Cushing syndrome is a disorder that occurs when your body is exposed to high levels of the hormone cortisol. It may also occur if you take too much cortisol or other steroid hormones.
Endocrine glands release hormones (chemical messengers) into the bloodstream to be transported to various organs and tissues throughout the body. For instance, the pancreas secretes insulin, which allows the body to regulate levels of sugar in the blood. The thyroid gets instructions from the pituitary to secrete hormones which determine the pace of chemical activity in the body (the more hormone in the bloodstream, the faster the chemical activity; the less hormone, the slower the activity).
Other people develop Cushing syndrome because their bodies produce too much cortisol, a hormone normally made in the adrenal gland. Causes of too much cortisol are:
- Cushing's disease, when the pituitary gland makes too much of the hormone ACTH. ACTH then signals the adrenal glands to produce cortisol. Tumor of the pituitary gland may cause this condition.
- Tumor of the adrenal gland
- Tumor elsewhere in the body that produces cortisol
- Tumors elsewhere in the body that produce ACTH (such as the pancreas, lung, and thyroid)
Most people with Cushing syndrome will have:
- Upper body obesity (above the waist) and thin arms and legs
- Round, red, full face (moon face)
- Slow growth rate in children
Skin changes that are often seen:
- Acne or skin infections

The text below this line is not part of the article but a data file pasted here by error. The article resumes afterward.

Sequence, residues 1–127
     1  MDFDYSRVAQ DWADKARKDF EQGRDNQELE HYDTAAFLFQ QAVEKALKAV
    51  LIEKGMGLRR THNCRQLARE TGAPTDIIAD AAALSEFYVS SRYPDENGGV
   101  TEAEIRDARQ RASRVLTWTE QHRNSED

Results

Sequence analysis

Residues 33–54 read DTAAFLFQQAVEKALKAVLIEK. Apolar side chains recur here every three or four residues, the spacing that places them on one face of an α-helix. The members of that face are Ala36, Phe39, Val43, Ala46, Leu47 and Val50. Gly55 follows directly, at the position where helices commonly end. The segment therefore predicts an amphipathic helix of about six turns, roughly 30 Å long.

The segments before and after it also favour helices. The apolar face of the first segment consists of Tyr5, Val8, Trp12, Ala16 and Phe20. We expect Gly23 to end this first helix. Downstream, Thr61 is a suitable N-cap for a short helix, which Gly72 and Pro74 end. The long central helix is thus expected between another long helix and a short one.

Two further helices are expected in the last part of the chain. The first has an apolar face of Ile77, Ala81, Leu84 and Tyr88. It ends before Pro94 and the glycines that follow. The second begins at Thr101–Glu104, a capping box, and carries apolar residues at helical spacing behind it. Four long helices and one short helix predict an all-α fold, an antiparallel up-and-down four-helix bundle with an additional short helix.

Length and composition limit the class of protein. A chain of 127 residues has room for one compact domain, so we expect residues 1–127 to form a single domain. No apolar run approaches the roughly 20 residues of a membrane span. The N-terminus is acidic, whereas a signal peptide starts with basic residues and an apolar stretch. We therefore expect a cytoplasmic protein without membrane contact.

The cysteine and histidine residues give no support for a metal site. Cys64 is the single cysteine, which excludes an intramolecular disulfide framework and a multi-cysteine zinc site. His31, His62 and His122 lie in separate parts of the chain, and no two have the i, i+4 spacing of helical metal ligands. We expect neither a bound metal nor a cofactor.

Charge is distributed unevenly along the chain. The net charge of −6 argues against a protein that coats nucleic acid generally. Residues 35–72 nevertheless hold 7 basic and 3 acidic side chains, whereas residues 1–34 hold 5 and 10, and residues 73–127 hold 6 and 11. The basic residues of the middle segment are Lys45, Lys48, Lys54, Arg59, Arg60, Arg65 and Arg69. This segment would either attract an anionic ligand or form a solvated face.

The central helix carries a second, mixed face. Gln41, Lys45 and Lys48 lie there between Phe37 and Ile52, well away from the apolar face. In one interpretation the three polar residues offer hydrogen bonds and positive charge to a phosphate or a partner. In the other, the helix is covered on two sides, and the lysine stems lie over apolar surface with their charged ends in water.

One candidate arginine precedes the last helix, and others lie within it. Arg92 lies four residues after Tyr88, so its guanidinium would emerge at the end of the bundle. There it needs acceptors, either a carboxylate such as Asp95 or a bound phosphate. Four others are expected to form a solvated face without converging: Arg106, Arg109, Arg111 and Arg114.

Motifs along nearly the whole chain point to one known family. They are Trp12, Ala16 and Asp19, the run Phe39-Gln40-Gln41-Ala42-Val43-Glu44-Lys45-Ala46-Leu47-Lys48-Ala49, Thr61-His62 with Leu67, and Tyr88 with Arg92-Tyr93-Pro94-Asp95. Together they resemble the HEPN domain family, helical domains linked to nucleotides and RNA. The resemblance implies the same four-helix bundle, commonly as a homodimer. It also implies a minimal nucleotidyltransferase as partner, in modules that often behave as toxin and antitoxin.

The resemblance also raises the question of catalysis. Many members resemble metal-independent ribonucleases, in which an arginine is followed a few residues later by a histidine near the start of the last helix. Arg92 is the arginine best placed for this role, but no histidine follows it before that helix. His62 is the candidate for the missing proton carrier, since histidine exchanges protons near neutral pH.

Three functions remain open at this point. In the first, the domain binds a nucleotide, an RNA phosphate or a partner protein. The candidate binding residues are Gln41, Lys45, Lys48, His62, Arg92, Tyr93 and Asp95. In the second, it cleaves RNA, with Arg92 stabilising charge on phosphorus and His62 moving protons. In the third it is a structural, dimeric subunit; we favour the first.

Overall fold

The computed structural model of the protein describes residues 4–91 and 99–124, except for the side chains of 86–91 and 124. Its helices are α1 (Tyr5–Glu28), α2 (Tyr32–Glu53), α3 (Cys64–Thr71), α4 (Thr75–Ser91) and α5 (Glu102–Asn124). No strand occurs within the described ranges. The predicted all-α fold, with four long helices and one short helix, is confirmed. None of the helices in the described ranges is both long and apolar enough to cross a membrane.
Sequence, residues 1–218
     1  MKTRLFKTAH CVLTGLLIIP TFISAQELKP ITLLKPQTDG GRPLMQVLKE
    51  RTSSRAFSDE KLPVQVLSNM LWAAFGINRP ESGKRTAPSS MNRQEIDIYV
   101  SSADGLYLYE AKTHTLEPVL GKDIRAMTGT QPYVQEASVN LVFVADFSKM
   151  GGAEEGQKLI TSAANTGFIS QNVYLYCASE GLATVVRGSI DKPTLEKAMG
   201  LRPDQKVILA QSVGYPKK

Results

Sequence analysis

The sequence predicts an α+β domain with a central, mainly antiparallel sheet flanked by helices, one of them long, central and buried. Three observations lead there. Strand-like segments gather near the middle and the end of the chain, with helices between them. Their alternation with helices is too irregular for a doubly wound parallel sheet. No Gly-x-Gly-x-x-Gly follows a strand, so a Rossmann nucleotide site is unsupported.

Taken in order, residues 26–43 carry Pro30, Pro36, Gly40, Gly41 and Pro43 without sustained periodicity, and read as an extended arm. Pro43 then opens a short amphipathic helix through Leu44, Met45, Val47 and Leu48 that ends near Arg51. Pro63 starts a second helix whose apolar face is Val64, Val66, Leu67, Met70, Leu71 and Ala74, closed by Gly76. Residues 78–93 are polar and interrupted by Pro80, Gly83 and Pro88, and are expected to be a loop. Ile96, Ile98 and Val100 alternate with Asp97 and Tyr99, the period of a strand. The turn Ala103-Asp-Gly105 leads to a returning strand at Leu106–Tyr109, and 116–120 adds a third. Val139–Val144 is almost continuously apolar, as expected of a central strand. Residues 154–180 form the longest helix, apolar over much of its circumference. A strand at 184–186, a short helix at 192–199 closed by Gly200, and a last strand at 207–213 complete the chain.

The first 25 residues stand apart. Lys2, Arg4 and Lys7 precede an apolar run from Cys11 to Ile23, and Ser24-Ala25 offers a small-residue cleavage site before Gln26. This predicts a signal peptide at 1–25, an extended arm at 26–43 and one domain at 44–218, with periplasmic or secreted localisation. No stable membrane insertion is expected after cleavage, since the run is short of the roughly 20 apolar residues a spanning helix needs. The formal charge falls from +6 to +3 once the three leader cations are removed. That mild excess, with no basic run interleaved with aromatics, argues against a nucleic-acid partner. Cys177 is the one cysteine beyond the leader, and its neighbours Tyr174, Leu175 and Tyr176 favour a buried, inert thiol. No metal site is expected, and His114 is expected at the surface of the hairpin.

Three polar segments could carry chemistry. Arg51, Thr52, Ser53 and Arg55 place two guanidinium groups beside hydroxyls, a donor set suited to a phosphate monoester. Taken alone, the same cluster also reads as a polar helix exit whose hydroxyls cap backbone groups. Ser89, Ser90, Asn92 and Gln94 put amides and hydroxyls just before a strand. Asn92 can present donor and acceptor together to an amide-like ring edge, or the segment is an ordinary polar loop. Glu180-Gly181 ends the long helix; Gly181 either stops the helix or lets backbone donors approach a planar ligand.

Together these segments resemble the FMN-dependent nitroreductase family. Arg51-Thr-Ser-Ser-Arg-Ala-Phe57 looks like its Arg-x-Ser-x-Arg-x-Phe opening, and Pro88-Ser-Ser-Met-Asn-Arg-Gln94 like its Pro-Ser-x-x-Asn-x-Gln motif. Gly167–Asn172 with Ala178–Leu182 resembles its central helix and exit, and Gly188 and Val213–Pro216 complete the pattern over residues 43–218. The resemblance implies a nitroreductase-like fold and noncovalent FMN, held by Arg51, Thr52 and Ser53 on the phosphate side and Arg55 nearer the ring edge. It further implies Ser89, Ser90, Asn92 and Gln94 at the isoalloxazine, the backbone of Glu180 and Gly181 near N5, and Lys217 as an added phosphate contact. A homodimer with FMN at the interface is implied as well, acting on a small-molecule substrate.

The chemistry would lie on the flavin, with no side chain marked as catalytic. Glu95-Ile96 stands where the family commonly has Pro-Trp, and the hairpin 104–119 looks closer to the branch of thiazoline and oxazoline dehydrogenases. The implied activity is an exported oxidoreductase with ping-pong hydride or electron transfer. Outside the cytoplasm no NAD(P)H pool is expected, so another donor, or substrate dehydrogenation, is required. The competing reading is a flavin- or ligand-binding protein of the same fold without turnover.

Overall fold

- Purple marks (1/2 inch or more wide) called striae on the skin of the abdomen, thighs, and breasts
- Thin skin with easy bruising
Muscle and bone changes include:
- Backache, which occurs with routine activities
- Bone pain or tenderness
- Collection of fat between the shoulders (buffalo hump)
- Rib and spine fractures (caused by thinning of the bones)
- Weak muscles
Women with Cushing syndrome often have:
- Excess hair growth on the face, neck, chest, abdomen, and thighs
- Menstrual cycle that becomes irregular or stops
Men may have:
- Decreased or no desire for sex
Other symptoms that may occur with this disease:
- Mental changes, such as depression, anxiety, or changes in behavior
- Increased thirst and urination
Laboratory tests that may be done to diagnose Cushing syndrome and identify the cause are:
- Serum cortisol levels
- Salivary cortisol levels
- Dexamethasone suppression test
- 24-hour urine for cortisol and creatinine
- ACTH level
- ACTH (cosyntropin) stimulation test
Tests to determine the cause or complications may include:
High cholesterol, including high triglycerides and low high-density lipoprotein (HDL) may also be present.
Treatment depends on the cause.
- Slowly decrease the drug dose (if possible) under medical supervision.
- If you cannot stop taking the medication because of disease, your high blood sugar, high cholesterol levels, and bone thinning or osteoporosis should be closely monitored.
Cushing syndrome caused by a pituitary or a tumor that releases ACTH (Cushing's disease):
- Surgery to remove the tumor
- Radiation after removal of a pituitary tumor (in some cases)
- You may need hydrocortisone (cortisol) replacement therapy after surgery, and possibly continued throughout your life
- Surgery to remove the tumor
- If the tumor cannot be removed, medications to help block the release of cortisol
Removing the tumor may lead to full recovery, but there is a chance that the condition will return.
Survival for people with ectopic tumors depends on the tumor type. Untreated, Cushing syndrome can be life-threatening.
- Enlargement of pituitary tumor
- Fractures due to osteoporosis
- High blood pressure
- Kidney stones
- Serious infections
Call your health care provider if you have symptoms of Cushing syndrome.